Security was heavy backstage at the Microsoft Surface launch event Monday. In what was probably one of the most controlled tech demos I’ve ever seen — even Apple lets you handle the product more than this — the media was ushered through a hushed white room in groups of seven. We clustered at each of four demo tables for a few minutes each.
“It’s like Disneyland,” joked a security guard. He meant the near-physical way you are led from ride to ride. Linger too long, and things could get ugly. Ditto if you dared to take video too close to a moving, functioning Surface.
The demonstrators gave us their spiel — here’s the Touch Cover, here’s how it was made. Feel the quality. Admire the precision engineering in this piece of casing. At each station we got to hold the device for just long enough to say we had held it. We deployed the kickstand. We got to swipe though an app, but never to the home screen.
Video was officially allowed on one side of the room only, where six Microsoft Surfaces sat behind a barrier on pedestals. They didn’t move. They didn’t function. They were like some kind of tech royal family.
In theory, you could stay at that distance as long as you wanted. In practice, it was assumed, you would give up trying to glean more information and gravitate towards the drinks waiters, who were conveniently located close to the exit.
So what, in these enormously limited circumstances, did I make of Microsoft Surface? Here are some observations:
1) It is heavier and thicker than the iPad. The spec sheet, oddly, only offers metric measurements, so we know the RT version of the Surface weighs 676 grams — roughly one and a half pounds, or slightly more than a new iPad. But it feels significantly heftier — especially the pro version, which adds another three quarters of a pound.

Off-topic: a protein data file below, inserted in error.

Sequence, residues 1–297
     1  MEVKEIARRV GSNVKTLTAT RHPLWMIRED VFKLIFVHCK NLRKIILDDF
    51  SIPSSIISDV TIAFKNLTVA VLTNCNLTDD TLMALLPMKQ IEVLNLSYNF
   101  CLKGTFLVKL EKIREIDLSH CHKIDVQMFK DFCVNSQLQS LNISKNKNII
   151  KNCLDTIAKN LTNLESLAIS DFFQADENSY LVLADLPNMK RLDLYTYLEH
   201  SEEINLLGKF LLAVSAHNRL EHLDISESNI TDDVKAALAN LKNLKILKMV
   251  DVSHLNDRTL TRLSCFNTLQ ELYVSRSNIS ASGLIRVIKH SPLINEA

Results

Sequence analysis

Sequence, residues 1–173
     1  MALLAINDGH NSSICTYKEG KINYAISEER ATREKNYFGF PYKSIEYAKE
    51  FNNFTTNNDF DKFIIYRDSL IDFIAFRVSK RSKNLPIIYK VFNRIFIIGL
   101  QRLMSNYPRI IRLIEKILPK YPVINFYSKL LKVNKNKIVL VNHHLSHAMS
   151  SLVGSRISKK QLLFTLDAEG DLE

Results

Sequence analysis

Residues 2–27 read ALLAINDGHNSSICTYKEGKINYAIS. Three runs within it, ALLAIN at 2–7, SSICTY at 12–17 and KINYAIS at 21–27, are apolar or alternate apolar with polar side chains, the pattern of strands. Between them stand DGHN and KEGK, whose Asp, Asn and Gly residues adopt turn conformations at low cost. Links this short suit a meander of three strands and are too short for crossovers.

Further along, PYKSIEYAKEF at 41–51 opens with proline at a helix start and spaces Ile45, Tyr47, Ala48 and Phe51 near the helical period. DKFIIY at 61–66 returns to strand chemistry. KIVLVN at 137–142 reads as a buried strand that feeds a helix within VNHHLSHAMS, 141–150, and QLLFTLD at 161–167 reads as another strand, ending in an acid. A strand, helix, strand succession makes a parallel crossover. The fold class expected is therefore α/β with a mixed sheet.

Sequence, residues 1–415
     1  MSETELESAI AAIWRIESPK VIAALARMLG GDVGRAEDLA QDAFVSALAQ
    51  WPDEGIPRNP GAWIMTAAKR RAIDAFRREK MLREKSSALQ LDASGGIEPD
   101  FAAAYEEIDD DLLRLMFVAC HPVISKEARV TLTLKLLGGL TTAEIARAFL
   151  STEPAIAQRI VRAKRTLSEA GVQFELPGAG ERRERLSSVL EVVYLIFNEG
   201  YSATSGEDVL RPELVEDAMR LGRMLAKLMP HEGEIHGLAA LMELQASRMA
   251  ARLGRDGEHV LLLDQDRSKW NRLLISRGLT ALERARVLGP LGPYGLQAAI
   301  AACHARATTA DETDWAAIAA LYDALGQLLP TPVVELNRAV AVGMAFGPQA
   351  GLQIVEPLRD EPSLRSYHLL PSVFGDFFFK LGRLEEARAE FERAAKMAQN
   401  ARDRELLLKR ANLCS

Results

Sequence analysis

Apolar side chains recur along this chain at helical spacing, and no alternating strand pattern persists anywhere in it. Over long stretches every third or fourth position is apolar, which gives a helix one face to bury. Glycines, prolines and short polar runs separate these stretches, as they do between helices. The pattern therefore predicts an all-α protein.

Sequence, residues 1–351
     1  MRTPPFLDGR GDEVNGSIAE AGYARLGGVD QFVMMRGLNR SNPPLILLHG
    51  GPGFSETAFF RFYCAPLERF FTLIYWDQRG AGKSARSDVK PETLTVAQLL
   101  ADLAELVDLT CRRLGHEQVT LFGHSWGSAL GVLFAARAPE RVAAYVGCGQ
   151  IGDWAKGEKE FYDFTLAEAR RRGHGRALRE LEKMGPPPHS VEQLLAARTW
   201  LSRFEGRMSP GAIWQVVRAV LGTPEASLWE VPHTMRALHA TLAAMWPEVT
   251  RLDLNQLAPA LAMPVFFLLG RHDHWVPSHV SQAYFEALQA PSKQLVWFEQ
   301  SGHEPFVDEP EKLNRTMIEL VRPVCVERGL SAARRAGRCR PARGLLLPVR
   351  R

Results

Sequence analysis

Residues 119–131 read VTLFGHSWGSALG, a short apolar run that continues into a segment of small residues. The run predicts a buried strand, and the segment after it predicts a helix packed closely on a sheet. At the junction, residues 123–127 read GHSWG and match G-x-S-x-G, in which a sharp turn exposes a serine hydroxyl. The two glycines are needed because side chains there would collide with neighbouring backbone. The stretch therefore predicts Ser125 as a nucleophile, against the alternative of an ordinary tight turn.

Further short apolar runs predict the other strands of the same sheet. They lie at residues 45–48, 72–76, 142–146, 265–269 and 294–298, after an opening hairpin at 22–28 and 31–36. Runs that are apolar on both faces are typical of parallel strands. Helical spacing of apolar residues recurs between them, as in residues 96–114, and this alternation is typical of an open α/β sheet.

The iPad is only a few millimeters thinner. But because its sides are curved, and the Surface is flat like a picture frame, you really feel the bulk with the Surface.
In theory, the Surface’s 10.6 inch HD screen is larger than the iPad’s 9.6 inch Retina display. But again, it simply doesn’t feel that way. This may be because the shape of the Surface screen is closer to that of a letterbox, or because Microsoft has fewer pixels in its display (the company has not revealed any specs on pixels yet).
2) The kickstand is not intuitive. Having a built-in kickstand, so you can instantly stand the tablet up, sounds like a great idea, right? I certainly thought so. Microsoft spent more of its event talking about the kickstand than it did the Surface’s innards or apps. “It closes like a car door,” said the Surface’s product lead. I was sold.
Unfortunately, the latch where you release the kickstand is pretty hard to find, even when you know where it is. No one could open it on the first try, or indeed the second — even after being told where the latch was.
The hinge is solid, and yes, there is a nice satisfying car door-like snap to it. But this is like a car door you’ll be struggling to figure out how to open.
3) I really like the Touch Cover, but am curious about how it works in practice. Another fabulous idea, one of Microsoft’s best: build the keyboard right into the tablet’s protective cover. Make it so you can rest your hands on it without accidentally typing (the keys need more pressure than that). Make it inactive when the cover flips around the back of the tablet.
Third-party keyboard case makers will howl in protest, but let them. This is something Apple should have done long ago.
The pro version of the cover has a satisfying feel to the keys. They depress when you type. Clearly, you can touch-type on that. But Microsoft also claims you can touch-type on the Windows RT Touch Cover, which seems to be a keyboard moulded out of felt.
Can you? It would have been delightful to give it a try, but as with so much in this highly controlled demo, it wasn’t possible. None of us were handed a Surface with Touch Cover attached.
Overall, this is a good try from Microsoft. Surface will be the PC-based touchscreen to beat, and other Windows tablet-makers have to be quaking in their boots right about now. But the company needs to answer a lot of questions, and let us kick the tires.